When lithium-ion batteries charge and discharge, the lithium ions flow between a liquid solution and a solid reservoir. But once in the solid, the lithium can continue migrating, sometimes causing the material to separate into lithium-rich and lithium-poor phases. The lithium-rich “hot spots” end up shortening the battery lifetime.
To better understand this phenomenon, researchers used two x-ray techniques to study lithium iron phosphate (LixFePO4), a common electrode material. X-ray diffraction, performed at the Stanford Synchrotron Radiation Lightsource (SSRL), revealed the material’s structural changes over time. Scanning transmission x-ray microscopy (STXM), performed at ALS Beamline 18.104.22.168, was used to map changes in the lithium concentration when the material was in contact with air and with a liquid electrolyte.
Previously, researchers thought that lithium ions were only able to travel in one direction, through the bulk of the material. But the data, along with computer simulations, revealed that the ions move in two additional directions on the surface of the material, making LixFePO4 a three-dimensional conductor. The extra pathways are problematic for the material, promoting the behavior that leads to its failure.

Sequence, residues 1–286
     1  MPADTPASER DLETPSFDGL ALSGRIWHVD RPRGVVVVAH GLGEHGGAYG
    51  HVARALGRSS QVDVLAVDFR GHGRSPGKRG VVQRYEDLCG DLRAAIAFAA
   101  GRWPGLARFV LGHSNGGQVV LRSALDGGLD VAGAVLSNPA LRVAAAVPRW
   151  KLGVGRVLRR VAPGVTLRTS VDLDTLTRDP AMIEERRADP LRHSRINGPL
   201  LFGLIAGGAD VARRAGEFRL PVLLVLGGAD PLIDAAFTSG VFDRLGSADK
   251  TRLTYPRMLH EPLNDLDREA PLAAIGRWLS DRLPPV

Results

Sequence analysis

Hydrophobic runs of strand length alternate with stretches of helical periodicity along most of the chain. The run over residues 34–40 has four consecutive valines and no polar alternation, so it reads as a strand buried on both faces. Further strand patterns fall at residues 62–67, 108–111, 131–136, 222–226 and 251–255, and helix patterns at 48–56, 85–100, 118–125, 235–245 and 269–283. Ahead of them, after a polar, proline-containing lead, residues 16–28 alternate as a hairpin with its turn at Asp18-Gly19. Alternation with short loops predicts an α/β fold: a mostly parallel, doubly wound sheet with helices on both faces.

The findings create a more complex story that theorists and engineers are going to have to consider in future work. If the lithium can be made to move more slowly on the surface, the lithium distribution will be much more uniform—a key to higher performance and longer-lasting batteries. The results correct more than two decades’ worth of assumptions about the material and will help improve battery design, potentially leading to a new generation of lithium-ion batteries.
Y. Li, H. Chen, K. Lim, H.D. Deng, J. Lim, D. Fraggedakis, P.M. Attia, S.C. Lee, N. Jin, J. Moškon, Z. Guan, W.E. Gent, J. Hong, Y.-S. Yu, M. Gaberšček, M.S. Islam, M.Z. Bazant, and W.C. Chueh, “Fluid-enhanced surface diffusion controls intraparticle phase transformations,” Nat. Mater. 17, 915 (2018), doi:10.1038/s41563-018-0168-4.
Adapted from the SLAC news release, “X-rays uncover a hidden property that leads to failure in a lithium-ion battery material.”